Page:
Judging the passion fruit for ripeness can be tricky because it seems old and wrinkled before it’s ripe.
However, if you know what to look for and how to feel it in your palm, you can select the perfect one.
Passion fruit is the fruit of the Passiflora vine, which is also called passion flower (1).
It has a rough outer rind and a luscious, seed-filled core.
There are various sorts that vary in size and color.
Purple and yellow variations are the most common.
Passiflora edulis variety has oval-shaped, purple skin, while Passiflora flavicarpa has yellow skin and is usually larger than the purple variety (2).
Despite its tropical origins, certain varieties can thrive in subtropical regions.
As a result, they’re grown all over the world, in Asia, Europe, Australia, and South and North America.
That’s said when the fruit is mature, it will turn from green to a wrinkled or dimpled appearance.
Table of Contents
Recognize Ripeness by Color
When the passion fruit is not ripe, it appears green. The more green it is, the less ripe it is. This applies to all varieties.
Look for fruit that has become purple or yellow. Some will look consistent, while others may be a combination of colors. Sometimes it can ripen without much change in color.
If you’re cultivating your own and come across green passion fruit that has fallen off the tree vine, check it using additional methods before throwing it.
Most of the passion fruit will drop from the vine when fully ripe (3).
Next, determine the ripeness of the fruit by looking at its skin.
A fully ripe passion fruit will usually have wrinkles and dimples on the surface (4).
However, always prefer slightly wrinkled over highly wrinkled passion fruit. Passion fruit that is very wrinkled has passed its prime or spoiled.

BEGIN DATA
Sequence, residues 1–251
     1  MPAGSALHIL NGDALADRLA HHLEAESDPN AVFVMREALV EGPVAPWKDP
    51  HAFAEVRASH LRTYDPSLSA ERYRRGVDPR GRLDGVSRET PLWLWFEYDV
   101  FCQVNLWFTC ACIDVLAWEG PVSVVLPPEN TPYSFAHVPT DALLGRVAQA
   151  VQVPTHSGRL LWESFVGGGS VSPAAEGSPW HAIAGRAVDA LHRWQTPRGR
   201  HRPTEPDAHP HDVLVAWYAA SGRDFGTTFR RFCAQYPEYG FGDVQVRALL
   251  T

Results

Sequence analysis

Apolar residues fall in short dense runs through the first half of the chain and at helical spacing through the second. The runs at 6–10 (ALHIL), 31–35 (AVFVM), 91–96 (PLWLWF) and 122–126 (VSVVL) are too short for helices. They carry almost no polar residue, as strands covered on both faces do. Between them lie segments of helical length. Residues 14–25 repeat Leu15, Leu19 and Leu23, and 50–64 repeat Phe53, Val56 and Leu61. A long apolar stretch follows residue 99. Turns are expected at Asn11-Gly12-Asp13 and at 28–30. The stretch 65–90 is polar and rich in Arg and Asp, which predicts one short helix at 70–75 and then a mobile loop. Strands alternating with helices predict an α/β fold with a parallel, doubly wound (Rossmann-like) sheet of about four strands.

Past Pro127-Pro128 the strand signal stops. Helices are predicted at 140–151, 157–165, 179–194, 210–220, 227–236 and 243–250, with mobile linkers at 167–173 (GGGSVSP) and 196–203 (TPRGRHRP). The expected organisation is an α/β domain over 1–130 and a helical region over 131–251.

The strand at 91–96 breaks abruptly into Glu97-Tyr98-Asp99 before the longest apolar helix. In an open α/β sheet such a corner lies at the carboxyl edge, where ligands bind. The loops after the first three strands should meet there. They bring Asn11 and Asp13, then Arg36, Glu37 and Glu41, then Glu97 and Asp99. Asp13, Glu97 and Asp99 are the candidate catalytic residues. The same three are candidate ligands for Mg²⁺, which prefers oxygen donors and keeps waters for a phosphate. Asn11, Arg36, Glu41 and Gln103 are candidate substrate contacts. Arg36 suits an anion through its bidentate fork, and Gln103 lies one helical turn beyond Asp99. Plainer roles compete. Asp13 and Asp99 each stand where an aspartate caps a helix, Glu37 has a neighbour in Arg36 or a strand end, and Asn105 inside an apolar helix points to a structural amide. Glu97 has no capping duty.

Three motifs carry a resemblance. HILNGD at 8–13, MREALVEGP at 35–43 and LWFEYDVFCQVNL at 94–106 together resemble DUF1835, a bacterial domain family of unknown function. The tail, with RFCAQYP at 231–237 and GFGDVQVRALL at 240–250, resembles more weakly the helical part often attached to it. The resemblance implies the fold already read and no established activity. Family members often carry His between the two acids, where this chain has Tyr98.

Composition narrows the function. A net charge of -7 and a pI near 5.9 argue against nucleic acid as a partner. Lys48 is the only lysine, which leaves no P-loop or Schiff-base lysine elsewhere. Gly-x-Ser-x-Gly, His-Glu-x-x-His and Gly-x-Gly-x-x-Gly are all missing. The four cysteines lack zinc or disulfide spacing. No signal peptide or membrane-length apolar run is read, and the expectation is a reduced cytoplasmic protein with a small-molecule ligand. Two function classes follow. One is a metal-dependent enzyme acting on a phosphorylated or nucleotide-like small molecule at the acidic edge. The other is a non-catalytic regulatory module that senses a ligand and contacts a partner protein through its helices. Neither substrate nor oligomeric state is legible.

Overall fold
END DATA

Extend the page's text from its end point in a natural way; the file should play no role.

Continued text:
Look for minor wounds and patches, which are common. However, passion fruit that is damaged or has cuts through the skin is more susceptible to mold.
You can remove bruised or moldy areas from the rest of the fruit because you are not consuming the skin.
Testing by Weight and Touch
Ripe passion fruit will fall from the tree on its own because of its increased weight. If you are picking fruit from a tree, do not pick it.
Allow gravity to do the work. Unripe passion fruit may fall because of the weather or if the tree is weak or dehydrated. Before consuming, use various methods to double-check its ripeness.
You can, however, weigh the fruit in the palm of your hand. Unripe passion fruit is often very light.
Always go for those that appear to be heavier than their size shows. A ripe passion fruit should have a diameter of 4–8 centimeters and weigh between 35 and 65 grams (5).
Last but not least, lightly squeeze the fruit. When squeezed, the skin should yield slightly but remain firm. If the fruit feels rock hard, it is unripe; if it feels too soft, the fruit has passed its prime.
Ripening and Storing Passion Fruit
If you have fruit that is nearly ripe but not quite there, give it a few days to ripen more. Place your passion fruit at room temperature and inspect it daily so you can have it before it becomes too wrinkled, at which point it spoils.
However, do not eat the skin. To eat passion fruit, cut off the top and eat it with a spoon. Refrigerate or freeze your fruit once you’ve cut it open to keep it from deteriorating.
Refrigerated fruit should last only a week. Seal it in a high-quality freezer bag and freeze it for longer storage.
Passion fruit is the fruit of the Passiflora vine, which is also known as the passion flower.
It features a hard rind on the outside and a sweet, seed-filled center on the inside.
There are various varieties that vary in size and color.
When fully ripe, most passion fruit will fall from the tree.
If the fruit is rock hard, it is unripe; if the fruit is squishy, it has passed its prime.
Once you’ve cut the fruit open, keep it refrigerated or frozen to keep it from spoiling.
Passion fruit is an excellent choice for a healthy and delightful snack, making it an ideal addition to a healthy, balanced diet.